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James Charles Denies Grooming Allegations

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  • Over the weekend, a 16-year-old who goes by Isaiyah accused 21-year-old YouTuber James Charles of grooming him.
  • Isaiyah shared censored versions of nude photos James allegedly sent him as well as Snapchat messages showing the YouTuber allegedly asking for explicit photos. 
  • James denied the accusations, saying Isaiyah initiated contact with him, sent lewd photos first, and told him he was 18. James also claimed that once he learned Isaiyah was 16, he stopped contact, though Isaiyah insists this is not the case.
  • Since then, two more people have come forward with their own stories detailing situations where they felt James acted inappropriately with them.

James Charles Accused of Grooming

James Charles is denying grooming allegations after a 16-year-old posted videos accusing the YouTuber of sending and asking for explicit photos. 

The accuser, who goes by Isaiyah, shared his allegations in videos on both Twitter and TikTok last week. On the latter platform, he has over 260,000 followers.

Isaiyah claims that he and James began talking on Snapchat on February 17, and he hoped the conversation would give him a chance to interact with an influencer he looked up to. However, Isaiah says James ended up making their conversation sexual. 

He shared photos of their interactions, including one snap where James is allegedly asking for Isaiyah to send videos taken in the shower. In another, James appears to mention Isaiyah’s genitals and says, “I bet you can make me finish just by flexing and showing off your hair.”

Isaiyah also shared censored nude and partially nude images that James allegedly sent, which he says prompted him to tell the YouTuber he is only 16.

“I was getting really uncomfortable so I told him my age and I told him I was 16 and meanwhile, he’s 21, he’s a grown man,” Isaiyah said in the video. “And then he proceeds to say, ‘oh but I didn’t get to see the….yet’ meaning my body. And after telling him no, like I’m not going to send it to you, like, he kept asking for videos and pictures of body hair and me flexing and stuff.”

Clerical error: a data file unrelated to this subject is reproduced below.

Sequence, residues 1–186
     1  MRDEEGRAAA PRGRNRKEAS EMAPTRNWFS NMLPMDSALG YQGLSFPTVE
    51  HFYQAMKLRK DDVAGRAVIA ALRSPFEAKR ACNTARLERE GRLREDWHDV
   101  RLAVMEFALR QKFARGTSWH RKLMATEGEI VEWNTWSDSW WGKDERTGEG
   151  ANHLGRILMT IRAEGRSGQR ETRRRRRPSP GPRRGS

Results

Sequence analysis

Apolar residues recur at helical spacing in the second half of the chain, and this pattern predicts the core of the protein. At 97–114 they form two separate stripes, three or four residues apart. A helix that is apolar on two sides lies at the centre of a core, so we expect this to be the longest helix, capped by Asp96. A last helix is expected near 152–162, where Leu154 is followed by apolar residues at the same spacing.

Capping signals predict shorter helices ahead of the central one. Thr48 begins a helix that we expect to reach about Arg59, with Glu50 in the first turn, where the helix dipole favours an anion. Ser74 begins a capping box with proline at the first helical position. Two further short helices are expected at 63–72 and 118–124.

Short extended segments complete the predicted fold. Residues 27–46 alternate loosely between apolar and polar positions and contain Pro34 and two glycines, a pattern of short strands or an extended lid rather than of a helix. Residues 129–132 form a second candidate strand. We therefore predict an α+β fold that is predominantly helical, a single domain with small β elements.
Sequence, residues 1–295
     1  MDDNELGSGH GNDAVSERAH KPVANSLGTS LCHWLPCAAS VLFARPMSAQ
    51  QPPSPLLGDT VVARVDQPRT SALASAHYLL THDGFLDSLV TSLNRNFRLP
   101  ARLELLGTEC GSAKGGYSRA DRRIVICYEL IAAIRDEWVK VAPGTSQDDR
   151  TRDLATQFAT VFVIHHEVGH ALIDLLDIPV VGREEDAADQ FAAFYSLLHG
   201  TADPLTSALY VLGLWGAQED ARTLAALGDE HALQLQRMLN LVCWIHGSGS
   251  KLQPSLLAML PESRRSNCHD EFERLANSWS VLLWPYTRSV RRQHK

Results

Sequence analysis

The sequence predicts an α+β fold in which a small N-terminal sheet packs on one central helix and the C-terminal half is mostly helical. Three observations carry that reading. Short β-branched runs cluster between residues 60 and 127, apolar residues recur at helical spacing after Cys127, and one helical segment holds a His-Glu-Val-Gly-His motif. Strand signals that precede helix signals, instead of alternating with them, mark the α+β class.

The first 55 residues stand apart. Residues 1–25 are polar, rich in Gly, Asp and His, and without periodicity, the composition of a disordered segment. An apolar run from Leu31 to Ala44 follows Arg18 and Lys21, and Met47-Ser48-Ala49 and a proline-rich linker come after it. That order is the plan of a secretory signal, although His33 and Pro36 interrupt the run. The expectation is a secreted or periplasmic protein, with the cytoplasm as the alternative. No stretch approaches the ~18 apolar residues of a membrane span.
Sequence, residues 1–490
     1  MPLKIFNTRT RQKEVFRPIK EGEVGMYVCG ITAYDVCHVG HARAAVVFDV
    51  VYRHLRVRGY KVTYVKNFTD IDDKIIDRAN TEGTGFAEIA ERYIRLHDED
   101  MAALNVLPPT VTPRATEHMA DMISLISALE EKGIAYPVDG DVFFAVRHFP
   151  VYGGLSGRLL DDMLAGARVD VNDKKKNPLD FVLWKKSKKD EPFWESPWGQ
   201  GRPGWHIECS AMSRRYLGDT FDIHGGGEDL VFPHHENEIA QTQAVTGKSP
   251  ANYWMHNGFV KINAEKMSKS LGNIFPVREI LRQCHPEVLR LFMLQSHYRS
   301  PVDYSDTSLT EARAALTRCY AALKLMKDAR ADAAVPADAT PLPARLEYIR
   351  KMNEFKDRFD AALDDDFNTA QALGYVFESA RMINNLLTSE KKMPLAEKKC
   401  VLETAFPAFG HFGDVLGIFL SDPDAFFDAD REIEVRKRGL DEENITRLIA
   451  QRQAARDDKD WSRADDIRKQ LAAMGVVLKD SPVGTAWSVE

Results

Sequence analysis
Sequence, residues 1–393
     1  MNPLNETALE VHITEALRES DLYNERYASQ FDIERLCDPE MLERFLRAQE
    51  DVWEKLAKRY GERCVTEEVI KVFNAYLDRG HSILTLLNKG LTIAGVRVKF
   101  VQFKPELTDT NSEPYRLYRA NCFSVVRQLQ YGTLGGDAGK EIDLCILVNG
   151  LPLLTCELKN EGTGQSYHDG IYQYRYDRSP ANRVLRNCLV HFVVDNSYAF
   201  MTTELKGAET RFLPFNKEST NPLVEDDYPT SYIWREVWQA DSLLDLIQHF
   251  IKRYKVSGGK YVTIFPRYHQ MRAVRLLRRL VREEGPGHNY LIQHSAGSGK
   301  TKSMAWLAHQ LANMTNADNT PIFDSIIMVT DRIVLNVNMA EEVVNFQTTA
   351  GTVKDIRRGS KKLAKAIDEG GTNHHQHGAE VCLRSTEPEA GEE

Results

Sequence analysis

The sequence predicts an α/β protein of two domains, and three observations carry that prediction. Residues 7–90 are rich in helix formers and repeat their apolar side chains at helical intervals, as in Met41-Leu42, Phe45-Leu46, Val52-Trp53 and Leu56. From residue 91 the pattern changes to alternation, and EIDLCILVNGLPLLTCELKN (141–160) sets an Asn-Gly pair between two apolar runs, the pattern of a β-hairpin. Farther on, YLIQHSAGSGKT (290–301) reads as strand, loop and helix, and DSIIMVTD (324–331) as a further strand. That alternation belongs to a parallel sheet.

Even after this, Isaiyah claims James still asked to FaceTime with him. He ultimately said the interaction left him seeing James in a new way. 

“I’ve heard multiple stories about him doing this to people but you never believe it until it happens to you,” Isaiyah said. “So now, I’m a big believer of what James Charles does to other people.” 

Both TikTok and Twitter have since removed the videos detailing these accusations, according to Insider. 

James Charles Denies Allegations

On Friday, James took to Twitter to tell his side of the story. He called the grooming accusations “completely false.” He then said he found Isaiyah on Instagram’s explore page.

He said he noticed that Isaiyah followed him, so he decided to add him on Snapchat. James also claims he woke up to multiple messages from Isaiyah saying how excited he was to speak to him, as well as lewd photos from him.

“I asked how old he was right away and he told me he was 18 so I started flirting back,” James continued, adding that he never saw ID to verify his age. 

It’s now clear, based on the video he uploaded, he was taking photos of me with another device, and had an ulterior motive from the beginning,” he continued.